Will a period affect the taste of my breastmilk?

Ovulation and menstruation mean hormonal changes are occurring in your body.

If you notice that your baby fusses at your breast when you have your period, it might be a sign that it tastes different temporarily. If you are concerned about anything related to breastfeeding, you can speak with a lactation consultant (health professional who specialises in breastfeeding).

When is it OK to use tampons again after pregnancy?

It's best not to use tampons until after your medical check at 6 weeks after you give birth. If your normal periods return before this, use a sanitary pad until your doctor gives you advice.

Speak to a maternal child health nurse

Call Pregnancy, Birth and Baby to speak to a maternal child health nurse on 1800 882 436 or video call. Available 7am to midnight (AET), 7 days a week.

Learn more here about the development and quality assurance of healthdirect content.

Last reviewed: October 2022


Back To Top

Need more information?

Menstrual cycle: normal - MyDr.com.au

All you need to know about periods, including what's normal and what's not. Plus, see what happens inside your body during the different phases of a normal menstrual cycle.

Read more on myDr website

Period Problems | Family Planning NSW

There are a variety of problems that can occur with the menstrual cycle. Some of the common problems are covered briefly below but it is best to discuss any specific period problems with your local doctor or Family Planning clinic.

Read more on Family Planning Australia website

Heavy Menstrual Bleeding

Read more on RANZCOG - Royal Australian and New Zealand College of Obstetricians and Gynaecologists website

Early signs of pregnancy

If you have a regular menstrual cycle, the most reliable sign of pregnancy is a missed period. Find out some other early signs that you are pregnant.

Read more on Pregnancy, Birth & Baby website

Menstruation - Body Talk

Girls usually get their first menstrual period between the ages of 9 and 16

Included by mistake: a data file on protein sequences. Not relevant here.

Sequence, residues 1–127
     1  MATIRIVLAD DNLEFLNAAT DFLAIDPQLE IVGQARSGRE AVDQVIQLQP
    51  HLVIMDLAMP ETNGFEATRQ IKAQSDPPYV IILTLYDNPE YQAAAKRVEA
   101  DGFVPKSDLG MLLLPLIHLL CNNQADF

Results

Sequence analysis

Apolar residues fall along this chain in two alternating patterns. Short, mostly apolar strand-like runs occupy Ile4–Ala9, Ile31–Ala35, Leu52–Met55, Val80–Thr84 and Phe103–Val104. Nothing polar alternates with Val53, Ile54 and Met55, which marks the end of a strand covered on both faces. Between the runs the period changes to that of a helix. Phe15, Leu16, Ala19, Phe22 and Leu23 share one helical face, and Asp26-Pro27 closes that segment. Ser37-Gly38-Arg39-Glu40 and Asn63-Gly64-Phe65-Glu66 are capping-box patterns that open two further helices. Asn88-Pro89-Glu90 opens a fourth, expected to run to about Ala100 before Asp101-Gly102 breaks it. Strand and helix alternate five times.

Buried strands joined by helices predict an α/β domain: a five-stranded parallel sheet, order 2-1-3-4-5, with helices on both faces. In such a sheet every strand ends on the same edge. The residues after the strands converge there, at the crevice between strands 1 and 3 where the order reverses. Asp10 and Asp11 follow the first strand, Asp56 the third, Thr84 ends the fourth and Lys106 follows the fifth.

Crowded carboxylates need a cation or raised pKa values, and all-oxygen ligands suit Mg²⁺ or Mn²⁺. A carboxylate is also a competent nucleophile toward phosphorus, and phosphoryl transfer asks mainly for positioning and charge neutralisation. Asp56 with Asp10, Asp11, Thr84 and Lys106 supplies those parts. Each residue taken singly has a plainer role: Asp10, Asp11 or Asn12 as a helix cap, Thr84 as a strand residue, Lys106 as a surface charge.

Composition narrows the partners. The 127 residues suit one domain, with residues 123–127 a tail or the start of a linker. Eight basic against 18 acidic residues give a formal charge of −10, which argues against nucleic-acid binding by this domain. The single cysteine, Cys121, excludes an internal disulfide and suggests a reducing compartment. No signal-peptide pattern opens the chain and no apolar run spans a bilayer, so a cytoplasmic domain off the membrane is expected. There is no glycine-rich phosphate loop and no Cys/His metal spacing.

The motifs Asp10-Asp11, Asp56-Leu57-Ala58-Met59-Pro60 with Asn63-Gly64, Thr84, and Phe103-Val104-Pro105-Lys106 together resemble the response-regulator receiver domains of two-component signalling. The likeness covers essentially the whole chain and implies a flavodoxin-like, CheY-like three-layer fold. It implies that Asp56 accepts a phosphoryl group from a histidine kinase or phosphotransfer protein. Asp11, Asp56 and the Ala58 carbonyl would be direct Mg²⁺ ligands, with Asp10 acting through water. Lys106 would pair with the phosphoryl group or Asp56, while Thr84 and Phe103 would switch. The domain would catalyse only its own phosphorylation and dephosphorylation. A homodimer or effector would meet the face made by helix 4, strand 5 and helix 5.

Read more on Body Talk website

Managing period pain

Period pain (dysmenorrhoea) is common but might make it difficult for you to enjoy normal activities. Here are some ways to manage painful periods, and know when it’s time to see your doctor.

Read more on healthdirect website

Heavy periods - Better Health Channel

About heavy periods (menorrhagia or abnormal uterine bleeding). Details on blood loss, symptoms, causes, health effects, diagnosis, treatment and where to get help.

Read more on Better Health Channel website

Understanding ovulation and the fertile window

When you want to have a baby you can improve your chance of getting pregnant if you know about ovulation and the ‘fertile window’ in the menstrual cycle.

Read more on Your Fertility website

Fertility awareness (natural family planning)

Fertility awareness means not having sex during the fertile times in a woman’s menstrual cycle.

Read more on WA Health website

Periods | Family Planning NSW

Read more on Family Planning Australia website

Call us and speak to a Maternal Child Health Nurse for personal advice and guidance.

Need further advice or guidance from our maternal child health nurses?

Healthdirect Australia acknowledges the Traditional Owners of Country throughout Australia and their continuing connection to land, sea and community. We pay our respects to the Traditional Owners and to Elders both past and present.

This information is for your general information and use only and is not intended to be used as medical advice and should not be used to diagnose, treat, cure or prevent any medical condition, nor should it be used for therapeutic purposes.

The information is not a substitute for independent professional advice and should not be used as an alternative to professional health care. If you have a particular medical problem, please consult a healthcare professional.

Except as permitted under the Copyright Act 1968, this publication or any part of it may not be reproduced, altered, adapted, stored and/or distributed in any form or by any means without the prior written permission of Healthdirect Australia.